402 Cohen Hall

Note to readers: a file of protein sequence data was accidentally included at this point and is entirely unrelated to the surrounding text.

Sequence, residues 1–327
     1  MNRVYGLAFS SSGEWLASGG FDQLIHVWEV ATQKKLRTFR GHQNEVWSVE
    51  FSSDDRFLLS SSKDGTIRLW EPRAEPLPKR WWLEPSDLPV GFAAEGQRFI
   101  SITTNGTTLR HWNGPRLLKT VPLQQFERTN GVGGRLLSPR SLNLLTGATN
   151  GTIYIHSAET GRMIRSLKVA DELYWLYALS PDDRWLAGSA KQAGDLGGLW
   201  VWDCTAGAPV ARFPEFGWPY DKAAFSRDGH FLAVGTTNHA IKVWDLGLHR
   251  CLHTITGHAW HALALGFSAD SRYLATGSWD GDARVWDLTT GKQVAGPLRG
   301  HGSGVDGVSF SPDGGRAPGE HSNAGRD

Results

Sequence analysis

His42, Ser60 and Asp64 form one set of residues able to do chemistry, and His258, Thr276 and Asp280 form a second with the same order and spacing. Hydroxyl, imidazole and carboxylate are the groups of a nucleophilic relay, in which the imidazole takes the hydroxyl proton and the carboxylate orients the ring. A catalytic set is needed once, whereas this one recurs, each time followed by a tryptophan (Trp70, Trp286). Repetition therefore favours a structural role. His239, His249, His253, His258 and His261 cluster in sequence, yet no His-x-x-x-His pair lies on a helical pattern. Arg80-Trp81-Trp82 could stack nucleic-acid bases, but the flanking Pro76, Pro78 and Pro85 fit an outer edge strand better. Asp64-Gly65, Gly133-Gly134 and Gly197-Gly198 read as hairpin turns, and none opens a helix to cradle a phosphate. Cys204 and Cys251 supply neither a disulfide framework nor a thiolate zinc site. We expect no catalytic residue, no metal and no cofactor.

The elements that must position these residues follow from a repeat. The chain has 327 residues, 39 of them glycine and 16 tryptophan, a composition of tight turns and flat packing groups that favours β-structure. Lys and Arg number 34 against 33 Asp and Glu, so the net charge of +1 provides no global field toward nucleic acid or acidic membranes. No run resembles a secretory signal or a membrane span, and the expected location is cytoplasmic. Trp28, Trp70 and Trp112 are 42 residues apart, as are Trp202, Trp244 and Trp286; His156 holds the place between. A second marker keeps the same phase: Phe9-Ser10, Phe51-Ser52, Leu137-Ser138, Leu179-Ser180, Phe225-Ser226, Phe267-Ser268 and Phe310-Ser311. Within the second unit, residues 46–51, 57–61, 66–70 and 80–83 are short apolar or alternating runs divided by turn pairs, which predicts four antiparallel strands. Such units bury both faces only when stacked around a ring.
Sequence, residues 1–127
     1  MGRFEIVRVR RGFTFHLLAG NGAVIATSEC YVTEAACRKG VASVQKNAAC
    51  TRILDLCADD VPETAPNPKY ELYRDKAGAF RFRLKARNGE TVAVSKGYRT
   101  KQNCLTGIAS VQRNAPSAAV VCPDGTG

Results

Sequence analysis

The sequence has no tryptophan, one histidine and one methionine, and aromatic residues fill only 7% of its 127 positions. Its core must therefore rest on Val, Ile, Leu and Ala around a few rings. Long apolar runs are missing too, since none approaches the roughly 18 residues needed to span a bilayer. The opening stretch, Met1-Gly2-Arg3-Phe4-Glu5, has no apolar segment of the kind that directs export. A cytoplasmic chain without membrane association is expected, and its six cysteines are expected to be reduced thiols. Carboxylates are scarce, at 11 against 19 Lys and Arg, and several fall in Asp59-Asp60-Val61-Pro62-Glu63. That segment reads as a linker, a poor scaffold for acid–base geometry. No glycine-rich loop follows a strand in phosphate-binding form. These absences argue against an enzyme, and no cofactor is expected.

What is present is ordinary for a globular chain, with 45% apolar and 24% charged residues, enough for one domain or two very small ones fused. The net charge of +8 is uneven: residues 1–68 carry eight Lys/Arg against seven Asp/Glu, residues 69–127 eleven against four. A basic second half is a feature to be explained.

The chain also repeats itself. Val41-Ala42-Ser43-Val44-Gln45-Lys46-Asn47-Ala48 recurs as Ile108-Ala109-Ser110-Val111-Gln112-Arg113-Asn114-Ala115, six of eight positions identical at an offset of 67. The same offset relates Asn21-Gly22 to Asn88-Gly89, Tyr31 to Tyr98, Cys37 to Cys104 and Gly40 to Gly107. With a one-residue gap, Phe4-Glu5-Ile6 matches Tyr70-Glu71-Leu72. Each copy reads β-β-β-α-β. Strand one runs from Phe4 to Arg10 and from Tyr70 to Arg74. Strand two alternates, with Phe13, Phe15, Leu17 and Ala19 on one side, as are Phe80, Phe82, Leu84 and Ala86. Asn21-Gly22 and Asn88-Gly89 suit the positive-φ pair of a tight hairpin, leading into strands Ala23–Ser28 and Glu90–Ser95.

Seen from a distance Thucydides and Tacitus have much in common: they are both uncomfortable authors whose unsparing commitment to revealing the truth results in grim depictions of the amoral deployment of political power—power for the sake of power—in idiosyncratic and difficult idioms. Furthermore, in recent years Thucydides has come to seem more and more like Tacitus: intense, rhetorically manipulative, adept in the use of tragic structures, emotionally powerful, even "postmodern." However, Tacitus never announces a program of Thucydides-imitation, whether pertaining to methodology, like Josephus, or theme, like Sallust. Nor do ancient commentators point to any resemblance between Tacitus and his Greek predecessor, as they do for Sallust and even Cato. But the broad similarities between the two involve important aspects of their historiographical achievements, so it is worth trying to understand the relationship. A pair of passages in which the two historians treat one of history's "repeating events"—defection from an imperial power—offers a promising terrain in which to explore Tacitus' debt to Thucydides. In examining the narratives of the Mytilenean and Batavian revolts (Thuc. 3.2-6, 8-18, 23-33, 35-50; Tac. H. 4.12-37, 54-79, 5.14-26) due attention will be given to "each new permutation of circumstances," the important proviso that Thucydides attaches to his prediction about recurrence (3.82.2).